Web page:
A salon is a gathering of people under the roof of an inspiring host, held partly to amuse one another and partly to refine the taste and increase the knowledge of the participants through conversation. These gatherings often consciously followed Horace's definition of the aims of poetry, "either to please or to educate" ("aut delectare aut prodesse est"). Salons, commonly associated with French literary and philosophical movements of the 17th and 18th centuries, were carried on until quite recently in urban settings.
NYU Libraries first started hosting salons in 2007. The Coles Science Salons were a speaker series created and organized by the Coles Science Center, the science reference department at Bobst Library. The early Salons had a Science focus and proved to be quite popular with the NYU community. The Business and Government Documents Center, drawn by the success of the Science salons, also began hosting business focused salons in 2012. Not to be left out, the Social Sciences & Humanities Reference were also planning to host their own salon series. But, rather than all the reference centers hosting competing salons, it was decided to join forces to create the unCOMMON Salons. These Salons are a reflection of the interdisciplinary research being conducted at NYU, and are now co-sponsored by Business and Government Documents, Coles Science Center, and the Social Sciences & Humanities Reference Center.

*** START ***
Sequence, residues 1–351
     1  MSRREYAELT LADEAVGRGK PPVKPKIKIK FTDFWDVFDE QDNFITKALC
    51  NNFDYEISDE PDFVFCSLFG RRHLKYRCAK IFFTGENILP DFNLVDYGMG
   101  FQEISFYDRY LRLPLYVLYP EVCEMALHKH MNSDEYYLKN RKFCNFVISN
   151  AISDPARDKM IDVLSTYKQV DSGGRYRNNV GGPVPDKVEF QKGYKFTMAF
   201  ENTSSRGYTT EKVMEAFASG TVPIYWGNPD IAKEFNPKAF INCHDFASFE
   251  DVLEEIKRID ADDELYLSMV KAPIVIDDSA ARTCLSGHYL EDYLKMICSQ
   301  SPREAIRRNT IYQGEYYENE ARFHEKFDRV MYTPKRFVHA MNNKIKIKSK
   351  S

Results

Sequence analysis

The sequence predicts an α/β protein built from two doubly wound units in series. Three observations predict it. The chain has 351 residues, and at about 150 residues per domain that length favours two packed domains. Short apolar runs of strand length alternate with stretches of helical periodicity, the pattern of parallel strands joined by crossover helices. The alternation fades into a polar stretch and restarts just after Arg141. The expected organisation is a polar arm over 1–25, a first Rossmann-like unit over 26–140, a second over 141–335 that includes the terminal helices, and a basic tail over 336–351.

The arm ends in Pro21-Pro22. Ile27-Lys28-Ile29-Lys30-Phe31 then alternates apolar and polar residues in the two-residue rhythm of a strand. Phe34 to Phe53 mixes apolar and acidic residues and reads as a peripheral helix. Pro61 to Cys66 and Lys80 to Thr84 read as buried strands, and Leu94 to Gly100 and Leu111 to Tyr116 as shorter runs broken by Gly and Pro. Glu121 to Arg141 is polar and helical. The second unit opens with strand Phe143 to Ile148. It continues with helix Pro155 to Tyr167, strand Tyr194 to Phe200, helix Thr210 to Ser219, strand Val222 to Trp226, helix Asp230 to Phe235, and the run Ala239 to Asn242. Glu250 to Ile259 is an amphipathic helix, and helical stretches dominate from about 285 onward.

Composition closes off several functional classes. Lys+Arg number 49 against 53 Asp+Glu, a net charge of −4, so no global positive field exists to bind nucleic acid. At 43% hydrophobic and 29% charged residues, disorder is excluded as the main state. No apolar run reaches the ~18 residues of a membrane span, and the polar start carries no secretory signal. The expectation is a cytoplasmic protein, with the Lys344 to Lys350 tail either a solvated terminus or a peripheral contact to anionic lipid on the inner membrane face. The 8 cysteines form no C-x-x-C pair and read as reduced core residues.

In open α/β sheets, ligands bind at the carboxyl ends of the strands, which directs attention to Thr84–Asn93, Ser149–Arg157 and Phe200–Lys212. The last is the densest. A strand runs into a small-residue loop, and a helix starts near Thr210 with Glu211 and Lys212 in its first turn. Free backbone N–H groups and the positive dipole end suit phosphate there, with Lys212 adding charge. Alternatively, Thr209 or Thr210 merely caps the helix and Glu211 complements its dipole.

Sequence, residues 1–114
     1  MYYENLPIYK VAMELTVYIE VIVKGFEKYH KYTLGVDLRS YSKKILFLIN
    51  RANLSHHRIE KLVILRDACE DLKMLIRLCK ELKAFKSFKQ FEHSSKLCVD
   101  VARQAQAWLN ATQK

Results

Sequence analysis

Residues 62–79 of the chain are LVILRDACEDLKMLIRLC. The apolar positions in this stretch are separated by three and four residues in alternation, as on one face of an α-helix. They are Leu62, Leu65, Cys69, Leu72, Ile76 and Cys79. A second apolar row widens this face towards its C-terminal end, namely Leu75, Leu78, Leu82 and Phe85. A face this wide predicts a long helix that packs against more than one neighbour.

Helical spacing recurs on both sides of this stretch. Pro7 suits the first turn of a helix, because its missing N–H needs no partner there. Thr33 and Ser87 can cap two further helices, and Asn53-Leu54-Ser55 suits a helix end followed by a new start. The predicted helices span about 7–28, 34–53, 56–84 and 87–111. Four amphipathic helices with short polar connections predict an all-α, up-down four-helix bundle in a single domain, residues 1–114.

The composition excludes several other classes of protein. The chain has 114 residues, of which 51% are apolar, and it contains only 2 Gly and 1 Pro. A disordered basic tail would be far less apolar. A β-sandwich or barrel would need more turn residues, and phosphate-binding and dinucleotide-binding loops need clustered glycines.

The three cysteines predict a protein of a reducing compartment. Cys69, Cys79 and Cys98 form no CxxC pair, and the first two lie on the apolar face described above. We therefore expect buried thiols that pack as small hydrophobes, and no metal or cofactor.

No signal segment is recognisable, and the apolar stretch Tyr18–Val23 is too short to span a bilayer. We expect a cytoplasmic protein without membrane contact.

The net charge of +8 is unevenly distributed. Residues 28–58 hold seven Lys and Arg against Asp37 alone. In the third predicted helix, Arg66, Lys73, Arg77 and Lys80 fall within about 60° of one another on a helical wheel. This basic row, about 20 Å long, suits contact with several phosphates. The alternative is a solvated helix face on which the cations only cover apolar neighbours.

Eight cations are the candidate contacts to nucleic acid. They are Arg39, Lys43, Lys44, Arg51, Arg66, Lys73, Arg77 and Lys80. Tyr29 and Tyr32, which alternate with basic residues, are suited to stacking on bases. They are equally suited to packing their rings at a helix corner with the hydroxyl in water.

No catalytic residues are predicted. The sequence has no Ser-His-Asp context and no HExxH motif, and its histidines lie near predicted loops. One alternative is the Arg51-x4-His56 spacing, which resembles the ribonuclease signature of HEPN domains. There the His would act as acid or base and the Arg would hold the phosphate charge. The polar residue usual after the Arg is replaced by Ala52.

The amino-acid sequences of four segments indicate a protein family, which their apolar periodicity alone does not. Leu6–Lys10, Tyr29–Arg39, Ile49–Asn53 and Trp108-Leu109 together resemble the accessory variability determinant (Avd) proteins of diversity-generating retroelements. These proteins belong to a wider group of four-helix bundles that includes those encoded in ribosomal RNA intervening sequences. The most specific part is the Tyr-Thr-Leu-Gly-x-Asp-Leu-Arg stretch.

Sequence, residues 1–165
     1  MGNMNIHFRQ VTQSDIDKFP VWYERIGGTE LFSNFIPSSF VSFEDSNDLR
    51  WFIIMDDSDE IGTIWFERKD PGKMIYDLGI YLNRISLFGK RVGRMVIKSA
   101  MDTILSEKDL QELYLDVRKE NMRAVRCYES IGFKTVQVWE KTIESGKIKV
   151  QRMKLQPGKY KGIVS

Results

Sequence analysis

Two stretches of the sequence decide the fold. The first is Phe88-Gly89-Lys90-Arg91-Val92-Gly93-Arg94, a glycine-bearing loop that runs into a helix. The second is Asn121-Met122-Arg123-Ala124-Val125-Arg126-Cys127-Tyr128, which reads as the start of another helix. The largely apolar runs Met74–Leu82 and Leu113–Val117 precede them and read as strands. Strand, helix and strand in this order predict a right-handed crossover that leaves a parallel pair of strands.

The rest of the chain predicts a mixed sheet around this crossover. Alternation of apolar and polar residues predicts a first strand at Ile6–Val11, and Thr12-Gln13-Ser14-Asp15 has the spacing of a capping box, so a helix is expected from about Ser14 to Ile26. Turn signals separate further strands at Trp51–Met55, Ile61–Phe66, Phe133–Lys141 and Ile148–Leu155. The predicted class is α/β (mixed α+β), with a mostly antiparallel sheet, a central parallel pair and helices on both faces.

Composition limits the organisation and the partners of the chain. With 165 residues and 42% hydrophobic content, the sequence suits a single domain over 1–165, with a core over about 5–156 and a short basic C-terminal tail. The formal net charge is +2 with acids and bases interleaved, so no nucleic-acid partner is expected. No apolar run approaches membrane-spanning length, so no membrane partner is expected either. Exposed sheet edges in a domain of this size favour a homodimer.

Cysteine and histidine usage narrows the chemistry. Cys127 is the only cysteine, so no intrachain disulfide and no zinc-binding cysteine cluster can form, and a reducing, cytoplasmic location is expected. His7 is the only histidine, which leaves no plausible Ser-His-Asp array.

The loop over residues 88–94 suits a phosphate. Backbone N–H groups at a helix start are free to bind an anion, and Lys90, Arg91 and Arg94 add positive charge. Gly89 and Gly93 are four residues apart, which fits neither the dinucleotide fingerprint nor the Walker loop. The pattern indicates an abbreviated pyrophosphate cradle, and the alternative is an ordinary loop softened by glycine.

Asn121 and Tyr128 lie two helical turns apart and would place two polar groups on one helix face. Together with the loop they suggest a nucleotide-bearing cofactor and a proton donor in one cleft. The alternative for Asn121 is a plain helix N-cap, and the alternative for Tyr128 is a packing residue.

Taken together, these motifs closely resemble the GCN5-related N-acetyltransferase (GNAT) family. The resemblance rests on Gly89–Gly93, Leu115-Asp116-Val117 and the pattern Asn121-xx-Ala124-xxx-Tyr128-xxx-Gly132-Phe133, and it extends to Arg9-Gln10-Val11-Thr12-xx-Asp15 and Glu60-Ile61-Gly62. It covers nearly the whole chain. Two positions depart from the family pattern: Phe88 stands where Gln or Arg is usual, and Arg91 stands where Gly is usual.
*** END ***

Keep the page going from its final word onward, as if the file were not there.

The unCOMMON Salons are scheduled to be held 2-3 times per semester as a space for NYU scholars to share their work. The purpose of the salons is to foster interdisciplinary dialogue, encourage networking across disciplines, and provide a vibrant place in the library for students, faculty, and library staff to informally socialize with each another.
If you would like to present at an unCOMMON Salon, please contact us: